“So, while the issue of Cuadrilla’s test frack at Preston New Road in the middle of water rationing might be seen as largely symbolic, the reality is that this industry’s water usage could dwarf domestic consumption for the next two decades.”

A briefing paper issued two years ago by Water UK, the organisation representing the water companies, said:

“Where water is in short supply there may not be enough available from public water supplies or the environment to meet the requirements for hydraulic fracturing. Oil and gas operators are therefore encouraged to engage with water companies as early as possible to ensure their needs can be met without reducing the security of supply to existing customers.”

A spokesperson for Cuadrilla said:

“It is highly unlikely that our operations would be affected by a water shortage however estimates of predicted water demands have been supplied to United Utilities to allow them to assess their existing systems and any impacts on their wider network. In the event of any constraint, water supply to our site would be limited by UU rather than limiting supplies to other customers.”

Preston New Road July 2018 Cuadrilla

Drilling rig at Cuadrilla’s Preston New Road site. Photo: Cuadrilla

Cuadrilla’s original hydraulic fracture plan for the horizontal wells put the expected lengths at 1,000m.

Frack Free Lancashire said it was “surprised” that the company had managed wells of less than this, at 782m and 750m. The group said:

“Obviously, we’re not privy to information about the problems that have delayed this unwelcome development for so long, but such a massive reduction in ambition does raise some serious questions, not least with regard to the local geology and potential seismic activity.”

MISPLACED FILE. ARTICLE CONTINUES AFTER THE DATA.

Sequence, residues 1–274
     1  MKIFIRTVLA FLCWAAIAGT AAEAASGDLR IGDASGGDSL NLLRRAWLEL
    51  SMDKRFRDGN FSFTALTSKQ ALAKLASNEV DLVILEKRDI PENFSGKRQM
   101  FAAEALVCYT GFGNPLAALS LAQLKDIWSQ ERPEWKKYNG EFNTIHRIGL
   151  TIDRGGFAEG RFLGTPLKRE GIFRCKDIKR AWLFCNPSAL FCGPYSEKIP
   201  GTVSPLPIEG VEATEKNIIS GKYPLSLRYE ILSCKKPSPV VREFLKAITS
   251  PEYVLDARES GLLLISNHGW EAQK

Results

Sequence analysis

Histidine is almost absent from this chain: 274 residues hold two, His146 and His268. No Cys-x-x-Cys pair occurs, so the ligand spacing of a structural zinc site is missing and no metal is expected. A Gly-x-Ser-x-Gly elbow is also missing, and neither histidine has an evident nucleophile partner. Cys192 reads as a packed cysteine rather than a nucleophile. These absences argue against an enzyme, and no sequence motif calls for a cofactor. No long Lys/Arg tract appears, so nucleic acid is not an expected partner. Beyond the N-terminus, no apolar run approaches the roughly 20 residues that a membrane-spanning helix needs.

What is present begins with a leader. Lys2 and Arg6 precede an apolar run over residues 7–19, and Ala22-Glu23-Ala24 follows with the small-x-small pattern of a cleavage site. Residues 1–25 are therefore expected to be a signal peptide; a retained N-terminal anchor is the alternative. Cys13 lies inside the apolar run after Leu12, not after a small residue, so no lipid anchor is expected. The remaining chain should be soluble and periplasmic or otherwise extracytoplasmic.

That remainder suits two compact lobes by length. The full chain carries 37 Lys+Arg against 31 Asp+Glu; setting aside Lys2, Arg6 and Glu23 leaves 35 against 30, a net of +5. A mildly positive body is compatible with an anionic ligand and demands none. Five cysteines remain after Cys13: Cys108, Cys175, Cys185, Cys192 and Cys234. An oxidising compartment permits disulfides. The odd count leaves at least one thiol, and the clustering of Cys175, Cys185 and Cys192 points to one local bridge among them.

A spokesperson for Cuadrilla responded:

“The original estimates on the horizontal well lengths were just that  – estimates. The data gathered from the vertical pilot well we drilled last year to a depth of over 2,700m through the Upper and Lower Bowland shales informed the decisions in locating these first two horizontal wells including the depth and length of the laterals. The two completed horizontal wells at 750m and 800m in length respectively are in the rich shale gas zones and will provide for a full test of the gas flow potential of the Upper and Lower Bowland Shale.”

Following hydraulic fracturing, the company said it would carry out an initial flow test, expected to last six months. An extended flow test is expected to take 18 months. Cuadrilla has planning permission to drill, frack and test a further two wells at Preston New Road.

Francis Egan said:

“Our objective is to demonstrate that natural gas will flow from the shale in commercially viable quantities. In the process we look forward to demonstrating that the UK’s huge shale gas resources can be safely produced and make a major contribution to improving the UK’s energy security, whilst reducing our gas import needs and providing economic and environmental benefit.”